Zenix building to poster / postcard to building

When you climb to the top of Sydney Park and look towards the Sydney skyline, one of the beautiful features that imposes itself is the high rise building of the 221 Zenix apartment complex (225 Sydney Park Rd Erskineville NSW 2043 Australia).

As a backgrounder, in 2013 I was experimenting with producing rotational symmetry, then esoterically referred to as Project Y for lack of creative wordplay to come up with a meaningful term. The source material for each graphic was a high resolution photograph of an object, which then underwent an iterative process of symmetrical duplication, rotations, and other tricks, to create an appealing high res graphic to be printed as a poster.

One of the subjects on the hit list was this building. With my studio space being located close by, I was constantly reminded to follow up the building idea. My hunch was that it should work well, having countless sharp lines, great geometry, and richly colored sunset reflections. So its turn came up eventually. After photographing (August 2013) and playing around with it, the first results were not what I expected, and not so good at all. I was not to give up, but rather walk away, comeback to it and try again until it kinda worked.

The final result was something of a lead light, like a large circular feature window one might find in a cathedral. Like the subjects before it, I printed on an A1 size large proofing poster, and it started to grow on me. Someone in passing asked me if I had a background in chemistry, because this piece looked a crystal lattice. Well, no, but thanks.

After some months had past, and late 2013 meandered to early 2014 there was an artist call out for submissions for sculptures. This was as fine an excuse as any to make a lamp out of one of the graphics -- what else can a photographer submit? After all, I indulged myself in making lamp like things since I was a kid, don't really know why the appeal but regardless. In this case, and after scratching my head for a few days about it, the structural material of choice was an Ikea pedestal lamp. The light source was a multicolor LED gadget from ebay. After trialing some configurations, and then combining with several posters, it had become clear that The Building was going to be my best bet for this challenge. What was working better than expected was the variety of colors and geometries in this poster and how it all interacted with the color rotation of the LED. The effect was that it looked like it was moving! After a month or so on exhibit, like all good things, it was time to wrap it up and move on.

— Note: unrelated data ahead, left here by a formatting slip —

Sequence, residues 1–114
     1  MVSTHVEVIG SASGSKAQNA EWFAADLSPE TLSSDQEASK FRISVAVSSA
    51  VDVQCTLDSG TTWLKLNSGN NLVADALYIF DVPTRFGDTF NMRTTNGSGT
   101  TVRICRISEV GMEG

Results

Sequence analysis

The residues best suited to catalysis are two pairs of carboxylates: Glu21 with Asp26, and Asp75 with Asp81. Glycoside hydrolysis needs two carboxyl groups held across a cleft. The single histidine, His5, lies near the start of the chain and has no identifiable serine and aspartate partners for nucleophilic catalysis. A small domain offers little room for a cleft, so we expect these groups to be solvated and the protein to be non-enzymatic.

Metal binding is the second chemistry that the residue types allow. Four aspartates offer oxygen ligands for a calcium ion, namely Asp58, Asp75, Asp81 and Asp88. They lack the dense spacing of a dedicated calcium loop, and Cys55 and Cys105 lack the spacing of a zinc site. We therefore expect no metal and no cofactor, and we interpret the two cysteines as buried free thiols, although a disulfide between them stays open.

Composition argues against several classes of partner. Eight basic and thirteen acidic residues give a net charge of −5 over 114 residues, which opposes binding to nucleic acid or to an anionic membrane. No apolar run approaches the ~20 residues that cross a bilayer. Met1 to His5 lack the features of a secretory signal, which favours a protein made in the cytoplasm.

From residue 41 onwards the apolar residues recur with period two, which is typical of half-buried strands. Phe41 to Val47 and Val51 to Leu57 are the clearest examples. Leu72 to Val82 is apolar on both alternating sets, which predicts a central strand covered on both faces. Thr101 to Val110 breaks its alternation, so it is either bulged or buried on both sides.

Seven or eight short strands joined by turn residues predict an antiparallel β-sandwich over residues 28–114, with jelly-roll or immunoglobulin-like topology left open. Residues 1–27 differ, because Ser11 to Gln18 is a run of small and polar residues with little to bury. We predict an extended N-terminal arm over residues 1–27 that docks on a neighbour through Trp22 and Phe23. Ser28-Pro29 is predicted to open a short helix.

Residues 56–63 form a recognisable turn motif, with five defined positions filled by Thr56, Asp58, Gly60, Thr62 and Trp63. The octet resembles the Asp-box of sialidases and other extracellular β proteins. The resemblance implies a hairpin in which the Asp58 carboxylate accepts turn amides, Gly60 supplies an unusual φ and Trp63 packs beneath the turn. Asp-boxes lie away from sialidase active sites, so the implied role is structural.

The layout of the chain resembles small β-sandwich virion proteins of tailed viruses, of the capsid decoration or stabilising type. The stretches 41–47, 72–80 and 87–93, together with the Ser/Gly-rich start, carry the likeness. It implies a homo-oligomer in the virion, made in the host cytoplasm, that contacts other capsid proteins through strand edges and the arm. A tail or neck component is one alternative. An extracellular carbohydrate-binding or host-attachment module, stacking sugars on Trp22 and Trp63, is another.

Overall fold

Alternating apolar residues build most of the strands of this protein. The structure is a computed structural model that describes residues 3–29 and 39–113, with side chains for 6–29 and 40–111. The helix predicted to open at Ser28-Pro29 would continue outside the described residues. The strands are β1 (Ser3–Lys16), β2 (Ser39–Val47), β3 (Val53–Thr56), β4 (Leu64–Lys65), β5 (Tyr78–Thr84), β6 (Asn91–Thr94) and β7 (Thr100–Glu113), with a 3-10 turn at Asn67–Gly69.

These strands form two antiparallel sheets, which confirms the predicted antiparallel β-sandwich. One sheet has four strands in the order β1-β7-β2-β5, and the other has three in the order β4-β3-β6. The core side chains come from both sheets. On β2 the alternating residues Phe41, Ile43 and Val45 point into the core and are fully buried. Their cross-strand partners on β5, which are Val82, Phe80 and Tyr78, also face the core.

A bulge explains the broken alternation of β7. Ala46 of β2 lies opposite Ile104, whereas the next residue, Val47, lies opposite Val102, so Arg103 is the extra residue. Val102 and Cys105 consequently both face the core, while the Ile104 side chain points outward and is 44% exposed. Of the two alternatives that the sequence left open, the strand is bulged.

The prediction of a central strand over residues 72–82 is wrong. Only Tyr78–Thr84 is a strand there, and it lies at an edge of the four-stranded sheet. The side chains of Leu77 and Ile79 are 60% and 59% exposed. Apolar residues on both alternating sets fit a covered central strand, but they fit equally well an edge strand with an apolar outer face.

These geometric mandala posters were a solution looking for a problem, and after considerable rumination about what to do next the project was shelved as I was busy with other work. But like all good things, it's never over. One day I was overjoyed when one of my posters was sold, not even as a ready to use mounted print! But eventually we got there, and it was an impressive B0 size print and mounted on lightweight foam core! More time had passed, and another brainwave happened. Within this next chapter (almost a year after the original photo was shot) and a bigger idea, I thought it would be nice to give a gift to the people, namely give a postcard of the graphic to the residents in the tower. The reason is not yet clear to me, but who needs any certain reason to give gifts and to communicate with strangers, we just do. Well that and the fact that all artists are shameless self promoters.

The picture at the top of this post is the final result that I opted to rest on. The photos below are the lamp sculpture and prototypes, the original photographic material and a mixed bag of development snapshots.

The pictures above are hardly a step by step illustration of the progress from start to the finished piece, but it should hint at what is going on.

What I found was that you just don't get good outer, mid, and center areas out of a single transformation progression, but had to combine range areas from several progressions, based on feature niceness. Ideally, the finished piece should be complex and colorful throughout.

In this case we start with a 36MP 3:4 photo and end with a 36MP 1:1 square image. In later such projects the end result tends to explode to a resolution that really pushes your machine to the limit. At some point in the future I hope to work on a far more powerful workstation, where a gigapixel will be the norm.

It is worth a mention is that these are not kaleidoscopic or fractal. They can be described as mandala-like, with a combination of algorithmic repeating steps regulated by a keen artistic eye.

(Note that the files on this blog are quite good, at 1600px, with a free CC0 license. However full res files are available, with a resolution of 6000px squared, which is excellent for large format fine art prints.)